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Book Review: Pure by Julianna Baggott

Pure by Julianna Baggott

Pub. Date: 2nd February 2012 (UK) 8th February 2012 (US)
Publisher: Headline (UK) Grand Central Publishing (US)
Pages: 448
Series: Pure (#1)
Readership: Adult fiction
Genres: Science fiction, dystopia, post-apocalyptic 
Rating:
★★★★½

Pure would win an award for one of the most imaginative post-apocalyptic worlds I’ve come across. At first, the characters are seemingly in a usual end-of-the-world situation: a cataclysmic event has caused everything to be destroyed; people are left with nothing – no food, no comfortable shelter, just injured bodies and loved ones who have died. But there’s a twist. A horrifying, brilliant twist. I really wish I could mention it in this review – and I was originally going to – but I think it’d ruin the experience of discovering what is strange about this seemingly typical, desolate world.

Pressia barely remembers the Detonations or life Before. Now, before her sixteenth birthday, she has to get away. In her totalitarian society, people have to hand themselves in to the militia at the age of sixteen, where they’re then trained to be soldiers or used as live targets if they’re too injured to perform. Unexpectedly, she meets a Pure called Partridge. Pures are healthy people who live inside the protected Dome, among those who rule society. Somehow Partridge has escaped the safety of the Dome and is searching for someone outside…

Pure is brilliantly written. The story is interesting enough that the slow pace of the novel doesn’t let it down but actually enhances the experience, giving the reader time to comprehend the significance of every truth revealed. It also has host of fascinating characters, including our two protagonists Pressia and Partridge. I loved coming across every new character and trying to work out whether they were good or bad. But Pure‘s characters, like real people, do not neatly fit into one neat category. As demonstrated by the post-Detonations ‘I Remember’ game that those outside of the Dome play, each has their own story to tell. Pressia and Partridge go on a roller coaster of a journey finding out where they both belong in a world where the past is ignored, forgotten, denied.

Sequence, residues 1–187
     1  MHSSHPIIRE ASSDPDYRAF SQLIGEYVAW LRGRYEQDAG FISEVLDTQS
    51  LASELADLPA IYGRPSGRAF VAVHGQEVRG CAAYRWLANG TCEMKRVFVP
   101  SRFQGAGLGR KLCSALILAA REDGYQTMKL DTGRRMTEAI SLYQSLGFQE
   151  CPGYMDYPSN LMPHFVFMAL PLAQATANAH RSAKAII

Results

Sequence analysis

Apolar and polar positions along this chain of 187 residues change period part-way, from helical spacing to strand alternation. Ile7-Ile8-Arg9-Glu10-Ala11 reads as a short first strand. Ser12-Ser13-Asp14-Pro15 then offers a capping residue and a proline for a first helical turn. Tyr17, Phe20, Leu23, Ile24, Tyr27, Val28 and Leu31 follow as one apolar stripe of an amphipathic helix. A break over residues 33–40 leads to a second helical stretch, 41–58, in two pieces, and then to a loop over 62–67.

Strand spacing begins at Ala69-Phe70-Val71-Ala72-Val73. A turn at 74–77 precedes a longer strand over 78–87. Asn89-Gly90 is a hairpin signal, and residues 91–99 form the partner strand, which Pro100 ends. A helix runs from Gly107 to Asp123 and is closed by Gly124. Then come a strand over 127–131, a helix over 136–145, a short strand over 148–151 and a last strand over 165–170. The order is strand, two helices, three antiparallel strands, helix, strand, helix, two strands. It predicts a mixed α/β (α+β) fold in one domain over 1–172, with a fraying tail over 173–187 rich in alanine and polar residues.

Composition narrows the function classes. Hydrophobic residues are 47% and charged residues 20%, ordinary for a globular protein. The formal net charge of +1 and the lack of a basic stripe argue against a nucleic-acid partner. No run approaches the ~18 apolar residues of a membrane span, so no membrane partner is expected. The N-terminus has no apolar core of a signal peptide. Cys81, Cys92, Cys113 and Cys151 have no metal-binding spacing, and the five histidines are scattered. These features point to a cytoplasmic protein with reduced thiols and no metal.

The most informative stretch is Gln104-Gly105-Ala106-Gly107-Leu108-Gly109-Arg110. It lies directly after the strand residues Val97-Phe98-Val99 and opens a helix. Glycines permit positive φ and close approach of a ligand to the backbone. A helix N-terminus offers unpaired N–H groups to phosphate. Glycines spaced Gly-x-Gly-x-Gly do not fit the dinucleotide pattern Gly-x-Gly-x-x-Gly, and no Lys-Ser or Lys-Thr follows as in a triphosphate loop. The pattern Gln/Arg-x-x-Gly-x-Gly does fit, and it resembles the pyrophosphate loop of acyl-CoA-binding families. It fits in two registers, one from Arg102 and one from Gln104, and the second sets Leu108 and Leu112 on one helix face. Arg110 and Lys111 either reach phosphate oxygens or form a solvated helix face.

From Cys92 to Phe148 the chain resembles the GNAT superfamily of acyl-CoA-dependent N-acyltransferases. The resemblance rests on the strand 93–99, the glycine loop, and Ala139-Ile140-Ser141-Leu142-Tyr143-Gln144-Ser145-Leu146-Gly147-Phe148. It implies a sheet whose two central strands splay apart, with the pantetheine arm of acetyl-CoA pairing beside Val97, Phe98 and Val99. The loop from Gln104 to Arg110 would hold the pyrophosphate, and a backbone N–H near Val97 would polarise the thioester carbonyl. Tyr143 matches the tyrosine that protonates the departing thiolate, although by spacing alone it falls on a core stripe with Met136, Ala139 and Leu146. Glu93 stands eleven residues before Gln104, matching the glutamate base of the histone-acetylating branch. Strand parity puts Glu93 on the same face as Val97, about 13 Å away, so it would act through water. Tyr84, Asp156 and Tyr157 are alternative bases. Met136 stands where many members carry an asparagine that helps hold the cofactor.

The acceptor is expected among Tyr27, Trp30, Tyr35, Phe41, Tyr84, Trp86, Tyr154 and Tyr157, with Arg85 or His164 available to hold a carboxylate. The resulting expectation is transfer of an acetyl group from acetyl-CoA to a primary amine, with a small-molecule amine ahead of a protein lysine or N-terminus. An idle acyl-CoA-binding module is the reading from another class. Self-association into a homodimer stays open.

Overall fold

I only had one issue with the book which is that it’s part of a trilogy. I was disappointed when I began to realise that I wasn’t going to be given the full story. Pure had the potential to be a brilliant standalone novel, but the upside is that we’ll all get to read more of Julianna Baggot’s fantastic story.

Pure is an imaginative, stand out, and complex novel set in a believable post-apocalyptic world. I was thrilled to discover that the movie rights have already been acquired because it’s wonderfully cinematic. It’s definitely a highlight among the myriad of dystopia/post-apocalyptic novels out there right now.

Thank you to the publisher for providing me this book for review!

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7 comments on “Book Review: Pure by Julianna Baggott

  1. [...] ★★★★½ Me and Earl and the Dying Girl by Jesse Andrews Legend by Marie Lu Pure by Julianna Baggott [...]

  2. [...] Let Me Go by Kazuo Ishiguro Nineteen Minutes by Jodi Picoult Oryx and Crake by Margaret Atwood Pure by Julianna Baggott Rebecca by Daphne du Maurier Shades of Grey by Jasper Fforde Sister by Rosamund [...]

  3. [...] Pure by Julianna Baggott I originally wasn’t going to put Pure on my list because I gave it 4 stars, but only because I didn’t realise it wasn’t a standalone novel. After thinking about it more, Pure deserves to be here. I remember being really excited about it when I’d finished and eagerly looked up the book trailer, which is absolutely fantastic and I hope that the movie adaptation does it justice. It reminded me why dystopian and post-apocalyptic novels are so exciting and I cannot wait to read the sequel, Fused. [...]

  4. [...] by Julianna Baggott Pure was one of my favourite post-apocalypic books of 2012 and although I would have preferred it to be [...]

  5. [...] is the second book in the Pure trilogy, so you may not want to keep reading this review if you’ve not read the first book, [...]

  6. I don’t get it. It’s a YA or a Adult Fiction?

    • Both. Its characters are teenagers – and it touches on issues common in YA – but it also reads like adult fiction. It’s marketed as both in the UK (and has two different covers). I think it’s marketed as adult in the US, but I haven’t double-checked. I see it as adult fiction.

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